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What Are Biblical Values? What the Bible says on key ethical issues, by John J. Collins

05 February 2021

David Atkinson reflects on scripture and morals

THERE are some American fundamentalists who use the Bible as a moral text book, selecting texts to support their viewpoint, and urging everyone to uphold “biblical values”. Common examples are abortion, the death penalty, and “family values”. John Collins, Old Testament Professor at Yale, author of books on Wisdom and on the Dead Sea Scrolls, rightly exposes this approach as failing to recognise the wide diversity of origins, cultures, and contexts within the Bible, which yields differing, sometimes contradictory, perspectives on many issues.

Collins makes clear that he is not describing the moral values of ancient Israel or early Christianity, and helpfully points readers instead to the fine studies by John Barton (Ethics in Ancient Israel) and Richard Hays (The Moral Vision of the New Testament). He has, rather, selected a set of “issues” that he regards as relevant within the Bible and in today’s contexts, and examines what the Bible actually says about them. He sets this within three important biblical frameworks: creation, covenant, and eschatology.

His topics include the right to life, gender, sexuality, marriage and family, the environment, slavery, violence, and social justice. Collins effectively demonstrates how such issues are morally complex, and that on each the biblical texts do not speak with a single voice, and that the search for “biblical values” becomes a quest for guiding principles rather than proof texts.

So there is no Bible discourse on human rights. The Bible does not say anything directly about abortion. The prophets are more concerned with social than with environmental ethics. The implications of the Gospels for ecology are indirect. Slavery is accepted in the Bible, but that does not settle the matter for us. Inevitably, several chapters conclude with “many other considerations besides these biblical texts will have to be taken into account.” Collins is clear on some biblical values: the prosperity gospel is a caricature of Bible teaching; justice is a central theme of the Hebrew Bible; and the New Testament underlines the fundamental importance of providing for the poor.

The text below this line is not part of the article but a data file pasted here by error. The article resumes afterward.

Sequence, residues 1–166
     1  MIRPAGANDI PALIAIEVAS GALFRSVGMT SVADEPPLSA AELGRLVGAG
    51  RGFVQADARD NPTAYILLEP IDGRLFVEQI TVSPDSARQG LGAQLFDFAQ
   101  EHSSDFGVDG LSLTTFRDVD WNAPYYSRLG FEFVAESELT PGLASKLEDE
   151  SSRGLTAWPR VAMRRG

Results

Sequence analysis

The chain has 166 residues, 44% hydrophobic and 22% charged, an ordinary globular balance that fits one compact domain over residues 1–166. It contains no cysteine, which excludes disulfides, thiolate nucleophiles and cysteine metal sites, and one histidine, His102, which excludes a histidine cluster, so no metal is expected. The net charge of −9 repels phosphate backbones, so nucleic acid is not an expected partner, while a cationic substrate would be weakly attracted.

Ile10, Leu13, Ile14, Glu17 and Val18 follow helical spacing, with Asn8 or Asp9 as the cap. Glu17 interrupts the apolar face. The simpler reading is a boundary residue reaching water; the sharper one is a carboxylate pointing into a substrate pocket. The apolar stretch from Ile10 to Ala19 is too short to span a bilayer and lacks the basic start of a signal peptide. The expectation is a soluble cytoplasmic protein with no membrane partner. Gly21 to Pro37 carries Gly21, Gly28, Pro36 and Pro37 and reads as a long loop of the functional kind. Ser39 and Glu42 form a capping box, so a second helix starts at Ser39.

His exegesis is careful and scholarly, clear and accessible. Nevertheless, the reader is left too often with: Genesis says this, Deuteronomy says that, and the Gospels say something different again; one scholar takes this view, another a different one. That is fair enough, and true enough. But for me, this, raises the question: for whom is Collins writing? I think that this book, with its huge bibliography, could be a very useful reference for students, and perhaps preachers, and it ought to be in theological-college libraries. But whether the fundamentalists in his sights are likely to take any notice is another matter.

I was disappointed with Collins’s choice of “key issues”. I want to know whether the Bible can help us with issues of intergenerational climate justice. What trust should we place in technology, or AI? How are we to respond to global vested interests? Is there anything to help us evaluate free-market economies with the inevitable growth in inequalities? How about the concept of truth in our political discourse? or our corporate responsibilities towards “the stranger”?

There is also frustration from a Christian reader’s perspective that Collins stays (deliberately) so much at the level of exegesis that there is very little help in discerning how the text bears witness to God’s living Word. I was left searching for a hermeneutic rooted in the gospel, or in the incarnation, or in love.

How very much more satisfying is Richard Hays’s point that, without the living embodiment of the Word in the life of the Christian community, not much else matters: “The value of our exegesis and hermeneutics will be tested by their capacity to produce persons and communities whose character is commensurate with Jesus Christ and thereby pleasing to God.”


Dr David Atkinson is an honorary assistant bishop in the diocese of Southwark.


What Are Biblical Values? What the Bible says on key ethical issues
John J. Collins
Yale £22
Church Times Bookshop £19.80

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